6. Think about how you could bring in other historical knowledge as a comparison. For example, a question might ask ‘Without ‘The Watergate Scandal’ Nixon would be remembered as a great president. Discuss’. Here would be the perfect opportunity to bring up other presidents who are remembered as ‘great’ and perhaps compare Nixon’s actions to Roosevelt’s.
7. Now pick up your pen and outline a brief plan of how you can include what you’ve been thinking about in your essay and how you want to structure it.
8. Now with a clear plan on how you can answer the question, start writing. Most importantly keep calm, focused and engaged. You may not be 100% confident with your answer but you’ve worked hard, know your stuff and know how to write a good response.

Answered by Daniela C.

Studies History at Warwick

We have to use the chain rule here. If we set u to the inside of the bracket, u = x^2 + 3 and differentiating we get du/dx = 2x.
Now the original expression becomes y = u^2. Differentiating this with respect to x, dy/dx = du/dx * dy/du using the chain rule.
dy/du = 2u and du/dx is 2x so the final answer dy/dx = 2x*2(x^2 + 3) = 4x(x^2 + 3).

Answered by Matthew H.

Studies Computer Science and Maths at Exeter

In base-10 (denary) representation numbers are represented by saying how many units, tens, hundreds, thousands etc... there are from right to left. So for 74 there are 7 tens and 4 units. In binary, each digit (read from right to left) is a power of 2 starting from the 0th power i.e. the first digit is 2^0 (1), the second digit is 2^1 (2), third digit 2^2 (4) and so on. For 8-bit binary the largest digit can be of 2^7 (128). Furthermore, in binary, you can only ever have 1 or 0 of each digit.
Now to convert from denary 74 to binary we start by seeing if the 2^7 bit which is 128 can go into 74. It can't so the 128 bit is 0. The next lowest bit is 2^6 = 64. 64 can go into 74 once so the 64 bit is 1. Now, the remainder of the number left to represent is found by subtracting 64 from 74 to give 10.
Continuing to look at each bit in sequence comparing to the remainder 10:
2^5 bit = 32 does not go into 10 so is 0.
2^4 bit = 16 does not go into 10 so is 0.
2^3 bit = 8 does go into 10 so is 1 and the remainder to find is 10-8 = 2.
2^2 bit = 4 does not go into 2 so is 0.
2^1 bit =2 does go into 2 so is 1 and the remainder to find is 2-2 = 0.
As we have nothing left tor represent the last remaining bit 2^0 = 1 is 0.
Putting this altogether we can write the binary number as
01001010 which is the 8-bit binary representation of 74.

Answered by Matthew H.

Studies Computer Science and Maths at Exeter

In French, to talk in the past about an event, a precise action (that didn't last), we use the perfect tense. It is basically formed using two components : an auxiliary verb and a past participle. There are two auxiliary verbs: "être" and "avoir" conjugated in the present tense. The use of these auxiliary verbs depends on the situation, and the same past participle with a different verb would have a totally different meaning. For instance, she has eaten would be "Elle a mangé" and she is eaten would be "Elle est mangée" - it is quite similar as in English in the end.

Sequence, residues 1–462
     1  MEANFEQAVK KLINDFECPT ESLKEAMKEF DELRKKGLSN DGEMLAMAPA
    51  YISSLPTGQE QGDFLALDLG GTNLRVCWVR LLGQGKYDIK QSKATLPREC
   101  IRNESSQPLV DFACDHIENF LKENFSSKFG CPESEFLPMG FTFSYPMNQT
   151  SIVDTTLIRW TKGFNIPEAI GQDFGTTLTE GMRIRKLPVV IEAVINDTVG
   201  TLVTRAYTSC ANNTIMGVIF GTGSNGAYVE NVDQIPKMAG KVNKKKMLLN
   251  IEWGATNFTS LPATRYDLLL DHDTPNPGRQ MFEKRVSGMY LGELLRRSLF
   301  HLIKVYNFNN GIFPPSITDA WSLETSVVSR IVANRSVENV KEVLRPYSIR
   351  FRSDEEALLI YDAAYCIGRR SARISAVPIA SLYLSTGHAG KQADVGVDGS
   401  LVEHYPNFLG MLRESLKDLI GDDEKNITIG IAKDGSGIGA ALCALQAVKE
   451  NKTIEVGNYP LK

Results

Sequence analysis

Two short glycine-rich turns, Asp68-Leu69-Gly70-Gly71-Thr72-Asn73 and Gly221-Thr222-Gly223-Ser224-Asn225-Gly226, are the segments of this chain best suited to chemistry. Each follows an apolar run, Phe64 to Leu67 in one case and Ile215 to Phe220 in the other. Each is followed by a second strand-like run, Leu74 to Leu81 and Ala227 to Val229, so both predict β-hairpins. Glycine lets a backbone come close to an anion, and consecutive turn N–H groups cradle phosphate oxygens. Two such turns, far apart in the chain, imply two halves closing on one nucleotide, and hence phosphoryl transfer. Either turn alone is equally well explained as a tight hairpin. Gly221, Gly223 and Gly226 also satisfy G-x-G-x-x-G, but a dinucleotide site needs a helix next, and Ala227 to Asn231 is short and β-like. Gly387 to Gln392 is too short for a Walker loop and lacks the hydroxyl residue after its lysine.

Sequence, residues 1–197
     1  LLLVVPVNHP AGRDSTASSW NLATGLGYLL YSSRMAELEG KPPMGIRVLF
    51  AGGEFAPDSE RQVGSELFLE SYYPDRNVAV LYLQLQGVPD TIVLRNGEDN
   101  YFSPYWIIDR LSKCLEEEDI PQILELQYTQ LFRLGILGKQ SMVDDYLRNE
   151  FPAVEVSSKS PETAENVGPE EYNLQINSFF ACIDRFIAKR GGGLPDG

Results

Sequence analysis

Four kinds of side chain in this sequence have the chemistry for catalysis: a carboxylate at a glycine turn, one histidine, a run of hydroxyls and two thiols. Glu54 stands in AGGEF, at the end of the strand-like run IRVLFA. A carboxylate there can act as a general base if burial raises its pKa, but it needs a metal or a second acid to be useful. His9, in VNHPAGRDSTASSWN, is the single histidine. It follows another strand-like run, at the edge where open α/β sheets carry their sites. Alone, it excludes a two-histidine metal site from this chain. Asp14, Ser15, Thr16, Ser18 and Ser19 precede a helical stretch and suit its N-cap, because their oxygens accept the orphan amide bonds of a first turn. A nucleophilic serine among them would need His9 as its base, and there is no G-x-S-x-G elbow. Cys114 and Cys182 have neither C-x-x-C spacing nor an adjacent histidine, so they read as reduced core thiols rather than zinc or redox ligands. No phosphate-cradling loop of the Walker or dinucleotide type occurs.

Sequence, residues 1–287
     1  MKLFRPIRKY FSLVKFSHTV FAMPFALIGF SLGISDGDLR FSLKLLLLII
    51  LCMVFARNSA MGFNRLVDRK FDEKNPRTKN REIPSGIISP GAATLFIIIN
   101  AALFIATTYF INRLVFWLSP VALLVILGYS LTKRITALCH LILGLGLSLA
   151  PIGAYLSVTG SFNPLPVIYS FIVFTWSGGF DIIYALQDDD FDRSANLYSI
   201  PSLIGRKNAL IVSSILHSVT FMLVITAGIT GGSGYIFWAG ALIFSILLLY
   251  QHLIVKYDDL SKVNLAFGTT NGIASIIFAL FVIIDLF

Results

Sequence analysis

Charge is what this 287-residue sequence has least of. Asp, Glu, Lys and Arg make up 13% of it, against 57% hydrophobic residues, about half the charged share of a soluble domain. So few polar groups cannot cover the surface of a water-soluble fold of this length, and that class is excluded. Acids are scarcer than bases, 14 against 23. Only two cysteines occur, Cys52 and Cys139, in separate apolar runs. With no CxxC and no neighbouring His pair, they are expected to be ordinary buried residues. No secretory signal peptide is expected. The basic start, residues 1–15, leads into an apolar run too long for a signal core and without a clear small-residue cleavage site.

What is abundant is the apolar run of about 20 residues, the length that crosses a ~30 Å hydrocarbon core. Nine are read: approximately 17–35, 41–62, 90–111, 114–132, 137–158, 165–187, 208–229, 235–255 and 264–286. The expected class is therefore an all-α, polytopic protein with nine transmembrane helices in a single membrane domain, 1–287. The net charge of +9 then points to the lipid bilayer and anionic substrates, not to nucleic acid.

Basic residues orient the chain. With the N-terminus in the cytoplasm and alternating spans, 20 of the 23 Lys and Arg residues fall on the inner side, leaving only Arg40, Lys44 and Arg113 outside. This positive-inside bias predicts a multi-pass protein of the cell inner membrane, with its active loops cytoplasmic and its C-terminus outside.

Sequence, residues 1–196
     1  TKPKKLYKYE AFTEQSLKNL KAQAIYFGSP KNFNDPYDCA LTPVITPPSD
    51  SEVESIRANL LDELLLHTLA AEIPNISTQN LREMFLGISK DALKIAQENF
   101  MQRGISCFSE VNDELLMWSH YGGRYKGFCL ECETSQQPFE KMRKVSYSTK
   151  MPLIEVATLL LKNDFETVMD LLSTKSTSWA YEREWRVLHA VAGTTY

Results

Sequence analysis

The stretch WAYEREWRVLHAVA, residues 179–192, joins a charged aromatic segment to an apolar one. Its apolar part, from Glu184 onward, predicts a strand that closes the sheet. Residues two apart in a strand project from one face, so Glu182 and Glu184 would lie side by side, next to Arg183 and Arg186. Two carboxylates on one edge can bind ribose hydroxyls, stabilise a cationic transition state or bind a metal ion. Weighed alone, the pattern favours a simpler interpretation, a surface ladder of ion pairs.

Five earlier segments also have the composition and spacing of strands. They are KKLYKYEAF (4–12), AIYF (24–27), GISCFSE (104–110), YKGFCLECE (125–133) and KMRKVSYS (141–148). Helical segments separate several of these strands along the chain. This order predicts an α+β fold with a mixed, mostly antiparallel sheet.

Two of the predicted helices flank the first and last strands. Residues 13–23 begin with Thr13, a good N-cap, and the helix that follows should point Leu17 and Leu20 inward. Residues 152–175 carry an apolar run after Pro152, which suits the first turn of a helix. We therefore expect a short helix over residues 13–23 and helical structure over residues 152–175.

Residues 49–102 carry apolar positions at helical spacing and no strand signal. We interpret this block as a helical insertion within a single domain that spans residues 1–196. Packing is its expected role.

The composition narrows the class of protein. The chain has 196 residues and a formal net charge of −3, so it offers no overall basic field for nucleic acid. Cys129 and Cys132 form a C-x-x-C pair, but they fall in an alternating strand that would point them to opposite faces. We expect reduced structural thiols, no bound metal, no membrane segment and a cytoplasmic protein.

Another really important point here is to notice that the past participle of the verb "manger" (to eat) doesn't always agree with the subject ; using "être", the past participle always agrees in gender and number with the subject (here "elle" is feminine, therefore we get "mangée”). On the contrary, using “avoir”, the past participle doesn’t always agree with the subject (here we had “mangé”, even with a feminine subject).
Note: Under certain conditions, the past participle agrees with the subject even using “avoir”. Also we need to be able to form correctly the past participle for every verb, which can sometimes be formed using basic rules, but for some has to be learnt by heart.

Answered by Virgile T.

Studies Physics with Astrophysics at Exeter

Chlorine, Cl, and Florine, F are both in group 7 of the periodic table so they have 7 electrons in the outer energy level, called valence electrons. Each fluorine atom makes one covalent bond to the chlorine atom so 1 more electron is added to the outer energy level for each. Now there are 7 + 3 = 10 valence electrons. But each covalent bond is made by sharing a pair of electrons so dividing 10 by 2 gives the number of pairs of electrons. 10 / 2 = 5. So there are 5 pairs of valence electrons. The 5 pairs of electrons will arrange themselves around the atom to get as far apart as possible because they repel each other. This leads to a shape called a trigonal bipyramid which has angles of 90 and 120 degrees between bonds. However, there are only 3 bonds to other atoms so there must be 2 lone pairs. 5 - 3 = 2. The geometry will still be approximately the same but there will be some atoms missing from the shape. Lone pairs repel each other more than bonding pairs do, so they are placed furthest from other atoms. In the trigonal bipyramid shape this is in the triangle of the pyramid so the shape in the end is a t-shape with bond angles of 90 degrees.

Answered by Eleanor C.

Studies Chemistry at Durham